Bethany J. Royer
PIQUA — A familiar “boat” was out on area waters Wednesday afternoon, the city’s weed harvester that is, doing what it does best – harvest weeds. A task that not only improves the aesthetics of Franz Pond, Echo Lake, Swift Run Lake and Rocky Ridge Lake (Or the Gravel Pit) but their health.
The weed harvester was under the operation of Ryan Scott and, weather permitting, harvests weeds and algae to eliminate eutrophication which makes the water stagnant. This can cause unwanted algae growth and odors, along with the need for extended purification time at the water treatment plant.
The harvester can remove small bits of trash, too, and allows for the seasonal application of copper sulfate by the water department that helps in algae control.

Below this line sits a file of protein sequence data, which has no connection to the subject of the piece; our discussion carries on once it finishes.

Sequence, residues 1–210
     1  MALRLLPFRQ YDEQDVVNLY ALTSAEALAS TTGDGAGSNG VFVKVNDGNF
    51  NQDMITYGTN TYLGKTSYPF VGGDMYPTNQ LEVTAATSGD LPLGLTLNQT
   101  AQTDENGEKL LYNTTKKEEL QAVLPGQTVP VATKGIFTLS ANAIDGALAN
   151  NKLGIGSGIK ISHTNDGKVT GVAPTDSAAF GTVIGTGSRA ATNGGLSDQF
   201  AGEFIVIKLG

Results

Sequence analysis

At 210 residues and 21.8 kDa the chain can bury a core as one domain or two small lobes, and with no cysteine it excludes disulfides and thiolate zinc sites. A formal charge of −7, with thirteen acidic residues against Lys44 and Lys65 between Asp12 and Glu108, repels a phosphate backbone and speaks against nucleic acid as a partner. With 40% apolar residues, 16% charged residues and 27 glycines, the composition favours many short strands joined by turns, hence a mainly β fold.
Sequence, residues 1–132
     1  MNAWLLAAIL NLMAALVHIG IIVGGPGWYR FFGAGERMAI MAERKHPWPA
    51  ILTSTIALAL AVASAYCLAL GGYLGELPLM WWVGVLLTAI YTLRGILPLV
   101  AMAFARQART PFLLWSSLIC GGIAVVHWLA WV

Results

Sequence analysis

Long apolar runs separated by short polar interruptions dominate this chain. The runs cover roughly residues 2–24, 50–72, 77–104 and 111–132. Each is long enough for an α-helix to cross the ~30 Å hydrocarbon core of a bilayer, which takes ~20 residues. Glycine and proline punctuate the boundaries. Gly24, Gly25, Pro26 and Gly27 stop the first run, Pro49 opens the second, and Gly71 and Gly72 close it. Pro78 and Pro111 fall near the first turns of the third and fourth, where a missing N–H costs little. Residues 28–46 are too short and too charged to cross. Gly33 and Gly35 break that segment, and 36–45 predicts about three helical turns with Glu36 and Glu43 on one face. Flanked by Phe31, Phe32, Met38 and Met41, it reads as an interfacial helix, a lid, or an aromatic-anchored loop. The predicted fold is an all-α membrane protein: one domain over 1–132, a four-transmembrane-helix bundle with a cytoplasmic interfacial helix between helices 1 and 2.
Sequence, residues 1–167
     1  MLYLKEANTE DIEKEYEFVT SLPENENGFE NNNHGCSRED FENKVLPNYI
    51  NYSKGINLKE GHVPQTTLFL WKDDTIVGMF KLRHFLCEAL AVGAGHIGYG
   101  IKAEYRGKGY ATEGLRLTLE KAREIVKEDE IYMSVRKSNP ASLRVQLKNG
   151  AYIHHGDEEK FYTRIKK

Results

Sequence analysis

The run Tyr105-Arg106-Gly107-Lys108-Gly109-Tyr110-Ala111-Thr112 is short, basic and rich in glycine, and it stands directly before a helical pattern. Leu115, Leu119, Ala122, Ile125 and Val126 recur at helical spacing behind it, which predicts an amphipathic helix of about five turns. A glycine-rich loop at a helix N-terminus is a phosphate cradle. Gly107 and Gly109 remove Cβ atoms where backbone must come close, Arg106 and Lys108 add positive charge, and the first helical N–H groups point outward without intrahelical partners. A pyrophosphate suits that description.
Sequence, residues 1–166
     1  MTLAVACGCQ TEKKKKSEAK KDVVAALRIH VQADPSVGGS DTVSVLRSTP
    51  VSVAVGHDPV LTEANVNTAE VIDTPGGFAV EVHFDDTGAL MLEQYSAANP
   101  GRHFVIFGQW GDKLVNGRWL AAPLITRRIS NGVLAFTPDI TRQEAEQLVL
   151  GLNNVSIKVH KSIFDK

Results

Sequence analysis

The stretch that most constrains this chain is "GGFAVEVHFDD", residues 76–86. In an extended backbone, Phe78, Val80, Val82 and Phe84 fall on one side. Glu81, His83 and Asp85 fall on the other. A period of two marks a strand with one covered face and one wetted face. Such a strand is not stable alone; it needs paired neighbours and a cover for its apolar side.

The harvester was part of a much-anticipated project under the direction of city leaders, Piqua CAC (Community Action Council) and the area watershed groups compromised of the Middle Great Miami River Alliance and Protecting our Water Ways or POWW.
Along with the assistance of grant from the Lundgard Foundation Association, the 30-foot, barge-style boat was brought home mid-June 2012. It consists of a five-foot cutting head that removes noxious weeds in the water which can then be loaded onto a city dump truck via the use of a conveyor operated with an engine attached to the trailer.
Keeping with the tradition of providing a boat with a woman’s name, the new weed harvester was crowned the S.S. Amy H., after Amy Havenar, city engineer and member of the CAC.
Bethany J. Royer may be reached at (937) 773-2721 or on Twitter @TheDailyCall